Aguas Caliente turned out to be a predictably over-touristic town, full of tacky gift shops and waiters urging you to try their special happy hour where you could get 4 of the worst pisco sours of your life for the price of 1! If it sounds too good to be true, it probably is! This fourth night we slept in a hostel and I have to admit, it was nice to have a shower and a bed. From Aguas Caliente you can walk to Machu Picchu (about an hour or so uphill) but we really wanted to be there for the sunrise and didn’t want to wake up at 3 in the morning! It was bad enough waking up at 4 and catching a bus. When we arrived at 5, the line was already building to get on one of the buses that usher in literally hordes of tourists every day to the famous site.
We waited on line and already I felt slightly annoyed that Machu Picchu would end up being a disappointment. But still, I hoped for the best and expected the worst and I knew deep down that I couldn’t visit Peru without coming to this iconic site. I pushed the feeling that it would be just a large, pretty hill surrounded by some old ruins out and tried to clear my mind to be open. We arrived pretty early and were treated to nearly no one there! The sun came up and just touched the peak of the lush, green mountain. I was overwhelmed! I couldn’t believe how beautiful the place was.
In all the photos of Machu Picchu, you just see the green conical mountain with the ruins on the bottom but I was not prepared for all of the stunning nature around. Never before in my life have I seen such a unique place. Surrounding that green cone are high mountains, including 3 snow-capped peaks. It’s a perfect circle of mountain ranges and beauty and in the middle sits that instantly recognizable green mountain. Fisher took us through the ancient ruins and explained to us how everything lined up with the sun on the summer solstice and with the stars or the moon above. It was truly moving to witness this extraordinary place which still remains a mystery as to why it was created in the first place.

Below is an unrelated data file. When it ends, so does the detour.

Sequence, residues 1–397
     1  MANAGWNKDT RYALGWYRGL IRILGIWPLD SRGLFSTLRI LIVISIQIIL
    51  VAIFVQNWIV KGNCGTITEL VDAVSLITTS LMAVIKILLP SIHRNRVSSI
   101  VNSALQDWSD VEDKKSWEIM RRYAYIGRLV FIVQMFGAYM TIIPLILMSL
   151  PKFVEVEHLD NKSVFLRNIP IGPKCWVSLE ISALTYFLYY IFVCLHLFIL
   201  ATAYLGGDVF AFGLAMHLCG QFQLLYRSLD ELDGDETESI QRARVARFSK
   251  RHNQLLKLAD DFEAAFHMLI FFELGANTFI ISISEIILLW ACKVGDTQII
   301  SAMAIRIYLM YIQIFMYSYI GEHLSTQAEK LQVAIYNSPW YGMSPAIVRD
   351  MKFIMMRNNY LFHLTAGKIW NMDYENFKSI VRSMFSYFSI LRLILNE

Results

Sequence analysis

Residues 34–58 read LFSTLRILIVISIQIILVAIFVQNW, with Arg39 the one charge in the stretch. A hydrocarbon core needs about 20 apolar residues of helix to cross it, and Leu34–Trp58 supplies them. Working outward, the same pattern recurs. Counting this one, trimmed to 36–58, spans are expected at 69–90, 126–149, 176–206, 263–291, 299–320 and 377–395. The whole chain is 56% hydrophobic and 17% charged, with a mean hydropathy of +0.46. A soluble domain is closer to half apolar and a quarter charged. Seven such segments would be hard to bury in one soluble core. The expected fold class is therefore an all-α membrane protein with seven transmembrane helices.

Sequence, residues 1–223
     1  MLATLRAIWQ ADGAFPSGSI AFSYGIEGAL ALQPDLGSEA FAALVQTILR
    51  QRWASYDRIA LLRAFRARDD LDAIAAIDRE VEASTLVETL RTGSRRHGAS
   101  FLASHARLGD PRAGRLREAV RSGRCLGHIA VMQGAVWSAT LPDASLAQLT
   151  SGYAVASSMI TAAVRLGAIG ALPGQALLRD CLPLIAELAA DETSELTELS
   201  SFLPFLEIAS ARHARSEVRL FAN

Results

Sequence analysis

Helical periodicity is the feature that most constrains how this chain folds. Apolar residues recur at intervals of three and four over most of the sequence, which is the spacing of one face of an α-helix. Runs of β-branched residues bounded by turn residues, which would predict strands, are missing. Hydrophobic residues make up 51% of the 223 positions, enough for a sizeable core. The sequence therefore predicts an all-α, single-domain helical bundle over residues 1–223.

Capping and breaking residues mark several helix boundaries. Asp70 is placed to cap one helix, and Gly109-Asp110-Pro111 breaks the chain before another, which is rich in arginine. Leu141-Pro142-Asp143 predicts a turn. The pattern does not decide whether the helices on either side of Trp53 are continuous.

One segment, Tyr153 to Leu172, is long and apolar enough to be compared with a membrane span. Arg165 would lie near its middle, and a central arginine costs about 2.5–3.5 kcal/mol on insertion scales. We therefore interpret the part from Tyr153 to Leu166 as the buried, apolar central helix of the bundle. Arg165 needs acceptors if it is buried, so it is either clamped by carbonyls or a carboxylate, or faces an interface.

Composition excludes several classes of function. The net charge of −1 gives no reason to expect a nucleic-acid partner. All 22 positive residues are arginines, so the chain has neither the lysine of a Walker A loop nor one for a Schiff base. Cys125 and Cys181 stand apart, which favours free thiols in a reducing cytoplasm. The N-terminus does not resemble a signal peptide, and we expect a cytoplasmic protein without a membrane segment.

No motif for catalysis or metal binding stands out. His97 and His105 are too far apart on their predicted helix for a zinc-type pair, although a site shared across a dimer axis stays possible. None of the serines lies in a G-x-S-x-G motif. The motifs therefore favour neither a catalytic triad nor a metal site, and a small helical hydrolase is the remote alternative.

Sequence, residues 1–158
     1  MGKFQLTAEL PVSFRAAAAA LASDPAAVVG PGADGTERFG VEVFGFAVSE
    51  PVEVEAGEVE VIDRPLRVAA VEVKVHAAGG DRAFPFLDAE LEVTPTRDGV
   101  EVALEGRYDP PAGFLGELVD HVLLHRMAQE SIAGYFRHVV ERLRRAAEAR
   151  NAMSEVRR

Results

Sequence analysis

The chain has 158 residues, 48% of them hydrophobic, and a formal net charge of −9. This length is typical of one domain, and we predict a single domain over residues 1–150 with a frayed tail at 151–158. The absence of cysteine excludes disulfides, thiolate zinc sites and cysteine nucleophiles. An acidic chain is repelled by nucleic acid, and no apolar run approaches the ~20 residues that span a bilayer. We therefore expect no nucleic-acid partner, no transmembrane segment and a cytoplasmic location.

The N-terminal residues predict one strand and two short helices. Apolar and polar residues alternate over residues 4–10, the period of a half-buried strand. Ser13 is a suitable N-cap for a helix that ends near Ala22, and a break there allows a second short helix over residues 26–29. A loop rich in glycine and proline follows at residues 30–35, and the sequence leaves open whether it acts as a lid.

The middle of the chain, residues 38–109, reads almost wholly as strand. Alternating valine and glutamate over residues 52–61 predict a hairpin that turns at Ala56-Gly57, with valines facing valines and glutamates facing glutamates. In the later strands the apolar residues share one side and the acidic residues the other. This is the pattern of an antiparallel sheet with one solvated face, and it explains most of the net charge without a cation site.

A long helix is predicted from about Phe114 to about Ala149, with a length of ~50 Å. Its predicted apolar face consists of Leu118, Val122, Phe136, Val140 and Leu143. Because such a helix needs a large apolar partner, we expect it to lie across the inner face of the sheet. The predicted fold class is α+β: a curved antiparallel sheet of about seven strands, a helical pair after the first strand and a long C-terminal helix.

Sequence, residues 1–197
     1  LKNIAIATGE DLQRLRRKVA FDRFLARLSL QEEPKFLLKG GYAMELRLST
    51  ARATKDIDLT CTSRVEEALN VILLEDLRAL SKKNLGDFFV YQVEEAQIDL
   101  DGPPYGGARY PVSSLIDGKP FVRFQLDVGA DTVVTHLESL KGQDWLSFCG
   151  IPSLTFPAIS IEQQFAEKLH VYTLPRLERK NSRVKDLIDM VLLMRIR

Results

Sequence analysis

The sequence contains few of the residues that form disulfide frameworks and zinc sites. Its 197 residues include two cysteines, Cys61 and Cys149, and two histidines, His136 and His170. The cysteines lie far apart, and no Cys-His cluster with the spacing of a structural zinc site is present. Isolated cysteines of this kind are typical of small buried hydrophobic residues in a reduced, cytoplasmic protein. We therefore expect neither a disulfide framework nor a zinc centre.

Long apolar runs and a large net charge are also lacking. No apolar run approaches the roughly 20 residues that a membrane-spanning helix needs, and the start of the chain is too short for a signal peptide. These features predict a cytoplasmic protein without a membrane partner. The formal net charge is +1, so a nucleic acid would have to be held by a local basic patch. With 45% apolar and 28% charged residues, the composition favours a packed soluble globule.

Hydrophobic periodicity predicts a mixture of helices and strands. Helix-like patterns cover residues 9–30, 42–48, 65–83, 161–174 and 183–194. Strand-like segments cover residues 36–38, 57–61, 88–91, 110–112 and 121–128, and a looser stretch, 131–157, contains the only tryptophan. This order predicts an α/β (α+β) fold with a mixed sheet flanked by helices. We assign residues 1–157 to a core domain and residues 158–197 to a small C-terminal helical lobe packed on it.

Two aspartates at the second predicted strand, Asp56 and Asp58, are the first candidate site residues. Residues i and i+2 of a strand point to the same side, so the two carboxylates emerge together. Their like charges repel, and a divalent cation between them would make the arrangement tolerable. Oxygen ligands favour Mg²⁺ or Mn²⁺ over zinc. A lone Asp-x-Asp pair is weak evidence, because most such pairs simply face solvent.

I imagined American historian, Hiram Bingham, stumbling upon this site while he was looking for another ancient city, Villcabamba. He is credited with bringing Machu Picchu to the public eye but it had long been “discovered” by the locals in the area. All of this rich history combined with the impressive nature and just the way Machu Picchu was situated in the middle of it all, made me very happy that I came to see it. Watching the sunrise, the way the light illuminated everything, stirred something deep inside me that I can’t really explain.
But by 10 am, it had already become Disneyland. I was snapped into reality as literally dozens of tourists moo-ed there way around the sight clutching tightly to Iphones, Ipads (so bizarre that people actually carry these around to take photos!!) and cameras desperately trying to capture the perfect image of the place. We walked over to the sun gate to get some peace and another perspective on the place. We watched people that looked like ants making their way up the peak of the green cone to Huayna Picchu. We tried to get tickets for that (only 400 are released per day) but we had booked our trek too last minute. If you want to do Huayna-book at least 3 weeks in advance (more in high season).
That’s okay though. Our trek over the Salkantay pass was one we will never forget. We met some of the nicest people we have encountered on our trip so far. Our big Brazilian ‘family’ had taken us and the Spanish couple in with open arms and their infectious laughter. We passed by some of the most extraordinary nature in Peru and we were still able to enjoy it, despite hiking with a big group. And let’s face it. At the end of a long day trekking, it was kind of nice to have things set up for you. Okay, so we didn’t have that satisfactory feeling that only self-sufficiency can give you. And maybe we were even one of the dreaded “loud groups” that we used to despise passing. But I realized on this trek, sometimes that is not the most important thing.
In fact, in many ways, the group added to our experience overall. We truly enjoyed ourselves and our group members. Maybe this won’t be the last time we decide to do an organized trek. Maybe there is something to be said for hiking in a group after all. It’s amazing what happens when you open your mind to new things.